“It must be hard, not knowing how long you’ll have them for.”
“It can be, but a lot of them keep in touch. And then we’ve got our two, even if they are off at uni now and deeply uninterested in coming home to a house full of under-tens,” Madge chuckled drily. “It’s a good thing to do; that’s why we do it.”
“Couldn’t have put it better myself,” Reg boomed, slipping his hand into his wife’s. “Now, it’s jolly cold out here, so could we maybe come in? And maybe trouble your good selves for a hot beverage?”
“Oh, god,” John said at once, straightening up and looking guilty. “Sorry, of course.”
He stepped back and waved the Arwells over the threshold, shutting the front door against the miserable December weather and then beaming down at the girls. “Why don’t you two go with Cl… Mummy to see your new bedroom, hey?”
“Yeah!” Alleia shouted at once, beginning to bounce around the hallway excitedly. “Want see!”
“Reg, what about their things?” Madge reminded him, and he squeezed her hand.
“I’ll fetch them once I’ve warmed up a smidge.”
“Or I can do it,” John offered, but Reg waved him away.
“Girls, shall we?” Clara asked, holding out her hands with a theatrical flourish, and she smiled as each girl took one of her hands and looked up at her expectantly. Leading the way upstairs, she paused outside the door to their room, feeling a sudden sense of nervousness that perhaps they may not like what lay within, or that they may not want to stay here. Her earlier worries flooded back as she hesitated, uncertainty crystallising around her like the snow that lay outside.
“Mummy,” Amalia whined. “Show us!
“Show!” Alleia ordered, tugging on her hand and then adding: “Please!”
Opting to throw caution to the wind and taking a deep breath, Clara pushed the door open and revealed what lay within; the three of them poised on the threshold of the room as the girls looked around in silent awe.
“Is that… is that my bed?” Amalia asked in dazed wonder, looking up at Clara and then stepping into the room on careful, reverent feet. “With all the superheroes?”
“It is,” Clara confirmed, and Amalia approached the bed slowly, reaching out and stroking a cushion with her fingertip as though afraid to touch them. “And Alleia…”
Alleia, sharing none of her sister’s reticence, raced into the room and flung herself bodily onto her own unicorn-laden bed, the assorted toys flying askew as she bounced up and down in glee. “Unicorns!”
Clara laughed, heading towards Amalia’s bed and taking a careful seat at the end; watching as her daughter lifted the Wonder Woman pillow into her arms and clutched it to her chest like a talisman.
“Do you like it?” Clara asked softly, and when Amalia looked at her she was surprised to find the little girl’s eyes were wet with tears.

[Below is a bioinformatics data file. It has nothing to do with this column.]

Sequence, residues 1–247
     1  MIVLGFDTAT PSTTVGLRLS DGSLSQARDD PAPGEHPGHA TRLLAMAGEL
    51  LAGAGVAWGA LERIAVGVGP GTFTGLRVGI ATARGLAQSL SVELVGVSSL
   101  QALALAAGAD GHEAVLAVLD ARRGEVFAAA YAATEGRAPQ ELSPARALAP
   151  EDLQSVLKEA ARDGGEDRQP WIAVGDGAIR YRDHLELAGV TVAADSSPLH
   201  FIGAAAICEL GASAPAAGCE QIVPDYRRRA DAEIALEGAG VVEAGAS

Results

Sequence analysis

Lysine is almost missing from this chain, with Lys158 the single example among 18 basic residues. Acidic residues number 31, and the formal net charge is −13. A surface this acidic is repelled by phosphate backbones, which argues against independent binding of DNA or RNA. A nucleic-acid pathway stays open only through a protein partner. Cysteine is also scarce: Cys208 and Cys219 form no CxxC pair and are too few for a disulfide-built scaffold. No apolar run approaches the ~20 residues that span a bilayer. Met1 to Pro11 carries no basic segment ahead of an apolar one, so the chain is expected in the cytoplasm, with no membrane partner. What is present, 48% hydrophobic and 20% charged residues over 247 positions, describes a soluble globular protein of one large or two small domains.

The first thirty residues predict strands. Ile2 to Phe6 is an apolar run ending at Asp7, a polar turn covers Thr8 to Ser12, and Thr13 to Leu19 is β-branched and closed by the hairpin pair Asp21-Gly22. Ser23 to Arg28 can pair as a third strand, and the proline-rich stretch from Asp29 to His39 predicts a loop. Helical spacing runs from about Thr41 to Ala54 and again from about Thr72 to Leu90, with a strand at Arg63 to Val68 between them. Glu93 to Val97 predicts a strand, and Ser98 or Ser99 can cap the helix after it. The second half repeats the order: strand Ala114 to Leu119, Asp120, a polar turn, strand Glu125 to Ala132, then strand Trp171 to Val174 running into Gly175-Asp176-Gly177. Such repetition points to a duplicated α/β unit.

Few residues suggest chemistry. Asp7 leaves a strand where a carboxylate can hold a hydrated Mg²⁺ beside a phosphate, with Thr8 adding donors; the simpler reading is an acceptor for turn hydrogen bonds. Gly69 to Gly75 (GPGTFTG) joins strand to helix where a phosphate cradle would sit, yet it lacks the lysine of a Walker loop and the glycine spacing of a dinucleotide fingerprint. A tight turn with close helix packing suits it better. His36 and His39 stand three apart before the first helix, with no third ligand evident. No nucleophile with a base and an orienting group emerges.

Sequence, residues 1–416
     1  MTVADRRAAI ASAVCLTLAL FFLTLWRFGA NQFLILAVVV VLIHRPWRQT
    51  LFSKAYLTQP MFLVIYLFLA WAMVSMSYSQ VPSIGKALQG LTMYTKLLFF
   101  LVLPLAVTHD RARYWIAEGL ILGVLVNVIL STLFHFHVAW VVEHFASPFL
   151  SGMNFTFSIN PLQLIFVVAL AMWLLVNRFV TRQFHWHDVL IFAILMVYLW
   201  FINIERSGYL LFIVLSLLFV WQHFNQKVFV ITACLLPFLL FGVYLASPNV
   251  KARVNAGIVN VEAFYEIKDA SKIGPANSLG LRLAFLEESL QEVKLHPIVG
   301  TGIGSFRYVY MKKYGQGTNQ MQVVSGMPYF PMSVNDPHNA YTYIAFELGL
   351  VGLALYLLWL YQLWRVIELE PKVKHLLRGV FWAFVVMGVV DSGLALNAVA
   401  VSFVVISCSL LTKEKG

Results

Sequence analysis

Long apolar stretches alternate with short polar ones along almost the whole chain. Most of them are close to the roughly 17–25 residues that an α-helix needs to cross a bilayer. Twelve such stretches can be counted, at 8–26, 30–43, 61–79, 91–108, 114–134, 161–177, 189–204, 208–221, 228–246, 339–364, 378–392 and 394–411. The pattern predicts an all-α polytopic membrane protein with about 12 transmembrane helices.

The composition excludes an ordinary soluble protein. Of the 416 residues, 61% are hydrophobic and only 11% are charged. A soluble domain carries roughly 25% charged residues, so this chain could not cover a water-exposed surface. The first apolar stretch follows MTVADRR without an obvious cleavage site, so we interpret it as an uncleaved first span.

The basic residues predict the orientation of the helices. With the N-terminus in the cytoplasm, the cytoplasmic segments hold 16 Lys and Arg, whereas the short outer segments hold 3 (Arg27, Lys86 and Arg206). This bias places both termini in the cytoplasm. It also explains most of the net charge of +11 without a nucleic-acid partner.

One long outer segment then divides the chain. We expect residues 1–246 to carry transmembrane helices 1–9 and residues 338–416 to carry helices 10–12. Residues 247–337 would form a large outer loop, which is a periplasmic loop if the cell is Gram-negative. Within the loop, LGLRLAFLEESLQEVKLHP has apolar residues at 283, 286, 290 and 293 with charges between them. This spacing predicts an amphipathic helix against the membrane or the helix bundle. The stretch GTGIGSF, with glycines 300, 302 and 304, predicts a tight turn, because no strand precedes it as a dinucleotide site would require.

“Mummy, it’s lovely,” she whispered, resting her chin atop the cushion. “It’s so lovely. Thank you.”
“You’re welcome, darling,” she smiled as Amalia climbed onto her lap, cast the cushion aside and pressed a kiss to her cheek. “We wanted you both to have a beautiful room full of things you love.”
“It’s really amazing,” Amalia murmured, then added more loudly: “Alleia, say thank you.”
Alleia looked up from where she was making two unicorns have an in-depth conversation. “Thank you, Mummy.”
“You’re very welcome. What are your unicorns talking about?”
“Rainbows,” Alleia said seriously. “And sparkles.”
“Very important issues,” Clara nodded with solemnity. “Would you two like to stay up here for a bit, or shall we go and see Daddy and the Arwells?”
“Daddy,” Alleia said brightly, casting her unicorns aside at the prospect of spending time with John. “Want see Daddy.”
“Alright then, why don’t we go downstairs and have something to eat and drink, too?”
“Fizzy?” Alleia looked hopeful. “We have fizzy?”
“No, but there’s juice,” Clara affixed the little girl with a stern look. “Fizzy is for special occasions.”
“Today a special ’casion.”
“This is true,” Clara smiled. “Maybe you could both have some lemonade, then. Do your unicorns want to come downstairs?”
“No,” Alleia tossed her hair dismissively. “They very busy, Mummy. They talk about ’portant things.”
Clara bit back a laugh. “OK, they can stay here and talk about ’portant things. We’ll go and see Daddy and have fizzy. But ah… you two go on ahead, OK?”
Amalia scrambled off her lap and took her sister’s hand, and the two of them disappeared in the direction of the kitchen while Clara looked around the room, feeling a little stab of pride that they had liked it so much. Getting to her feet, she fought the urge to smooth down the quilt, then headed downstairs in search of the girls and her husband.
She found John in the kitchen with Alleia on his hip, the toddler nattering away at a million miles an hour and sipping lemonade from a Disney Princess cup Clara had bought for her the week before. John nodded sagely from time to time, occasionally handing the little girl a cookie from the packet that lay open before him. In between chatting and drinking, Alleia was somehow finding the time to shove the biscuits into her mouth, and Clara realised that there was an impending sugar high not too far on the horizon.
“Hi,” she said casually, leaning in the doorway, and John jumped, spinning around and almost displacing Alleia in the process. He stepped sideways in a bid to conceal the packet of biscuits, and his expression looked so guilty that Clara had to fight the urge to laugh. “What are you up to?”
“Nothing,” he lied. “Just giving this monkey a drink.”
“And cookies,” Alleia said helpfully, taking a long swig of lemonade and earning herself a baleful look from John. “Lots of cookies.”
Clara arched an eyebrow in a non-verbal challenge to her husband.
“It’s a special occasion,” John said weakly. “I figured she deserved it.”